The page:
About • Received ※ 21 June 2021 — Revised ※ 11 July 2021 — Accepted ※ 21 August 2021 — Issue date ※ 01 November 2021
Cite • reference for this paper using ※ BibTeX, ※ LaTeX, ※ Text/Word, ※ RIS, ※ EndNote (xml)  
 
TUPTEV001 RF Experience from 6 Years of ELBE SRF-Gun II Operation cavity, gun, cathode, SRF 477
 
  • A. Arnold, P.N. Lu, S. Ma, P. Murcek, A.A. Ryzhov, J. Schaber, J. Teichert, H. Vennekate, R. Xiang
    HZDR, Dresden, Germany
  • G. Ciovati, P. Kneisel
    JLab, Newport News, Virginia, USA
 
  At the electron accelerator for beams with high brilliance and low emittance (ELBE), the second version of a superconducting radio-frequency (SRF) photoinjector was brought into operation in 2014. After a period of commissioning, a gradual transfer to routine operation took place in 2017 and 2018, so that more than 3000h of user beam have already been generated since 2019. During this time, a total of 20 cathodes (2 Cu, 12 Mg, 6 Cs2Te) were used, but no serious cavity degradation was observed. In this paper, we summarize the operational experience of the last 6 years of SRF gun operation, with special emphasis on the main RF properties of the cavity. This includes the evolution of QvsE, dark current, multipacting, but also mechanical properties such as Lorentz force detuning, helium pressure sensitivity as well as microphonics. The latter is closely connected to an active compensation by a so-called low-level RF feedback loop, which is also briefly presented.  
poster icon Poster TUPTEV001 [2.143 MB]  
DOI • reference for this paper ※ https://doi.org/10.18429/JACoW-SRF2021-TUPTEV001  
About • Received ※ 21 June 2021 — Revised ※ 25 December 2021 — Accepted ※ 22 February 2022 — Issue date ※ 16 April 2022
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TUPTEV011 SRF Accelerating Modules Repair at DESY cavity, FEL, SRF, linac 508
 
  • D. Kostin, J. Eschke, K. Jensch, N. Krupka, L. Lilje, A. Muhs, D. Reschke, S. Saegebarth, J. Schaffran, M. Schalwat, P. Schilling, M. Schmökel, S. Sievers, N. Steinhau-Kühl, E. Vogel, H. Weise, M. Wiencek, B. van der Horst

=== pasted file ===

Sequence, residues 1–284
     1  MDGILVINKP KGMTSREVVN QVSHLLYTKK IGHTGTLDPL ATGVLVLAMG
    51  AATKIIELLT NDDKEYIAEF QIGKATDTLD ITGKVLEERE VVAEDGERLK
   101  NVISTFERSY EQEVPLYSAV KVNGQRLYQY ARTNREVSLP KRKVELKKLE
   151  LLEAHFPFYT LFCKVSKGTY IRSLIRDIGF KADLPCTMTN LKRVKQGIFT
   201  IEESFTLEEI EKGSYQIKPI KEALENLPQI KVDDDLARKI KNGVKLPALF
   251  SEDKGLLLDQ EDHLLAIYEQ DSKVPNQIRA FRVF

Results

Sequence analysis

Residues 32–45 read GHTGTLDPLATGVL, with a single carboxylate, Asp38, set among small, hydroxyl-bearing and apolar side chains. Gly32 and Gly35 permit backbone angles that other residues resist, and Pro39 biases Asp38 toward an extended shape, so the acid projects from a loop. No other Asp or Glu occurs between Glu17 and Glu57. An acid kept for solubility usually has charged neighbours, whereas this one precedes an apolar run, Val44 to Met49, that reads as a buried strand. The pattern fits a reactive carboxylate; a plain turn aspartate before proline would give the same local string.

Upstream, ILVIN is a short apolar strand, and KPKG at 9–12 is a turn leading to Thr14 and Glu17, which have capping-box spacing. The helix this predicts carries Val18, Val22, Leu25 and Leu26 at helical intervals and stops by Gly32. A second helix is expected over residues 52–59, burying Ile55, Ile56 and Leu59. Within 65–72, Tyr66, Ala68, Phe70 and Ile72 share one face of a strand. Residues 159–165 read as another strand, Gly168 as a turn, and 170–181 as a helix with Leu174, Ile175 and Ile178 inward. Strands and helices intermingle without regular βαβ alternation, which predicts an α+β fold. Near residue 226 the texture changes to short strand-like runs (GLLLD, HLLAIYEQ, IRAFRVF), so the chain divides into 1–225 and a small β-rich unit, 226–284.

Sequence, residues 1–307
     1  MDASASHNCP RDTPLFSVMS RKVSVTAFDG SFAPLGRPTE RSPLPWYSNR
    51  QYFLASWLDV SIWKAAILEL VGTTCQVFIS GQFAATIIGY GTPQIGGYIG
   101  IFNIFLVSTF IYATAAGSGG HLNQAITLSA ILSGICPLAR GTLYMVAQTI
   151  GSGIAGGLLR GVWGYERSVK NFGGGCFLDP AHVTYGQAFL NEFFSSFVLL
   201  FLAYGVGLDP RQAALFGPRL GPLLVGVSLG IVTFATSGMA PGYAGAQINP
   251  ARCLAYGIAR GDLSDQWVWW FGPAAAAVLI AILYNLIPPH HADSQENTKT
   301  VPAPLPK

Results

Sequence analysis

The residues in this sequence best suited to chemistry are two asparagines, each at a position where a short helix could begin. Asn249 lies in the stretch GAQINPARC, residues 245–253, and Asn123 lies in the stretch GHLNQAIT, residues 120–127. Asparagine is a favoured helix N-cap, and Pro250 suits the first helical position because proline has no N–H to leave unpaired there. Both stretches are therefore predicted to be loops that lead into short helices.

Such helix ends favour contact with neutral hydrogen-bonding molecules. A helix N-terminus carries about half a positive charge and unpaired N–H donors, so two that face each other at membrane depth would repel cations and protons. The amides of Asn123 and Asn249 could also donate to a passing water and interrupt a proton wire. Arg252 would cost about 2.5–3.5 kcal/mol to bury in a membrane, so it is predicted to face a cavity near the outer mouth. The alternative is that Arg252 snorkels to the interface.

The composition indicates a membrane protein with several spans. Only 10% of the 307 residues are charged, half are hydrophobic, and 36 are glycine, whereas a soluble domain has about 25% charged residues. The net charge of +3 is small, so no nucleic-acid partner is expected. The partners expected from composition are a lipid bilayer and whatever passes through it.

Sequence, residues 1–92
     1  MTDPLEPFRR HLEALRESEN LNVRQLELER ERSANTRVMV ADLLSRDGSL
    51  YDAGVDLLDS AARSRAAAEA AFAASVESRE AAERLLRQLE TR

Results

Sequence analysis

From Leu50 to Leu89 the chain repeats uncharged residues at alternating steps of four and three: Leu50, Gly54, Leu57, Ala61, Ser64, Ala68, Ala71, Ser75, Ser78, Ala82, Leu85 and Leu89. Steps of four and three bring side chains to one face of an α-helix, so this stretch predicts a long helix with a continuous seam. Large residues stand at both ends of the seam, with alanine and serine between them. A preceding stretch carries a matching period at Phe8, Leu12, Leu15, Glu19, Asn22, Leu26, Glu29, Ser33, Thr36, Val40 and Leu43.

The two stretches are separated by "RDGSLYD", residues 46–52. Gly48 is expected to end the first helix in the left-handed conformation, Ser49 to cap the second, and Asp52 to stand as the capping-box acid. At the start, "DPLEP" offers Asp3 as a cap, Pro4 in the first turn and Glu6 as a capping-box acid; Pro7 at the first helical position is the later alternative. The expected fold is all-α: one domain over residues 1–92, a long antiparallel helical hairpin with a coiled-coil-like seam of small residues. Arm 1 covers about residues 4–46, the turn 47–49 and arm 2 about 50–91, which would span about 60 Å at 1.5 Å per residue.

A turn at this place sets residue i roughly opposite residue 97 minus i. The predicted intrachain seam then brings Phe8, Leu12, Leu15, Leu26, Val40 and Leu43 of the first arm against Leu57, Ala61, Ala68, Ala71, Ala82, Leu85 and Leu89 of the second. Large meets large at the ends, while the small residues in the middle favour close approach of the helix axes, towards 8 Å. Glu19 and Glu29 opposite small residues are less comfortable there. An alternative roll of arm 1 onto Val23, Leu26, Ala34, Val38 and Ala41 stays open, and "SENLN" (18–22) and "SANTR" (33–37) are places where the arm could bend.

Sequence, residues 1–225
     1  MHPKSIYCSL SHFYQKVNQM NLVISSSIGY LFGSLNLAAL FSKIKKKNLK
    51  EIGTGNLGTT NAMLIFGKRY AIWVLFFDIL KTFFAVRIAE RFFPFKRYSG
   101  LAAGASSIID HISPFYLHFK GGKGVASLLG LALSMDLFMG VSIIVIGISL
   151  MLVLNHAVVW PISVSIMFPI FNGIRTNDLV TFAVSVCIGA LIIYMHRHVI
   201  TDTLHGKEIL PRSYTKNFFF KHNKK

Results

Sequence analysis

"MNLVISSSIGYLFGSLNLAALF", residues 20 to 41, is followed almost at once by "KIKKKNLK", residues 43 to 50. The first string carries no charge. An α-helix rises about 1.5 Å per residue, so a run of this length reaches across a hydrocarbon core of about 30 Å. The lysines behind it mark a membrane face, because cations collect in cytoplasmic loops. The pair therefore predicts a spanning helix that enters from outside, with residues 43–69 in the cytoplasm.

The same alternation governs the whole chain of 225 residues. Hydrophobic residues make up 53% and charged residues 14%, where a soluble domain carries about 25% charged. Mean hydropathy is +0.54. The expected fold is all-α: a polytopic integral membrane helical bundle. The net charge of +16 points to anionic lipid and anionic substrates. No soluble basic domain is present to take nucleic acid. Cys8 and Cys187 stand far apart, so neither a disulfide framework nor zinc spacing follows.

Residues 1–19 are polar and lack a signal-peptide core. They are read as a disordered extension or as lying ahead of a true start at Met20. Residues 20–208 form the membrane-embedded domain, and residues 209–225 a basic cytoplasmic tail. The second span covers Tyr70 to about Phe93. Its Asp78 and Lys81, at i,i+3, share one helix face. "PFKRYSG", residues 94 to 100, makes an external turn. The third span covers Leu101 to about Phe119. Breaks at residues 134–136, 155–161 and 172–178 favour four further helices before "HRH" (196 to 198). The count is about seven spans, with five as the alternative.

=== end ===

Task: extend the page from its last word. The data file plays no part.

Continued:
DESY, Hamburg, Germany
 
  Eight SRF cavities assembled in an accelerating module represent a building block of the particle linear accelerator based on TESLA SRF technology. DESY has two machines, European XFEL and FLASH. Both use almost same module and cavity types. During the module assembly many factors can deteriorate the cavity performance and cause a need for a repair action. Currently two European XFEL modules and two FLASH ones underwent reassembly procedures. The repair was not immediately successful on every of these modules and re-iterations did follow. The degradation causes were investigated. SRF modules were tested on both test-stands at DESY: AMTF and CMTB. The results of the described actions are presented and discussed.  
poster icon Poster TUPTEV011 [1.494 MB]  
DOI • reference for this paper ※ https://doi.org/10.18429/JACoW-SRF2021-TUPTEV011  
About • Received ※ 18 June 2021 — Accepted ※ 19 November 2021 — Issue date; ※ 01 February 2022  
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TUPTEV012 Progress and Preliminary Statistics for the ESS Series Spoke Cryomodule Test cavity, cryomodule, SRF, LLRF 512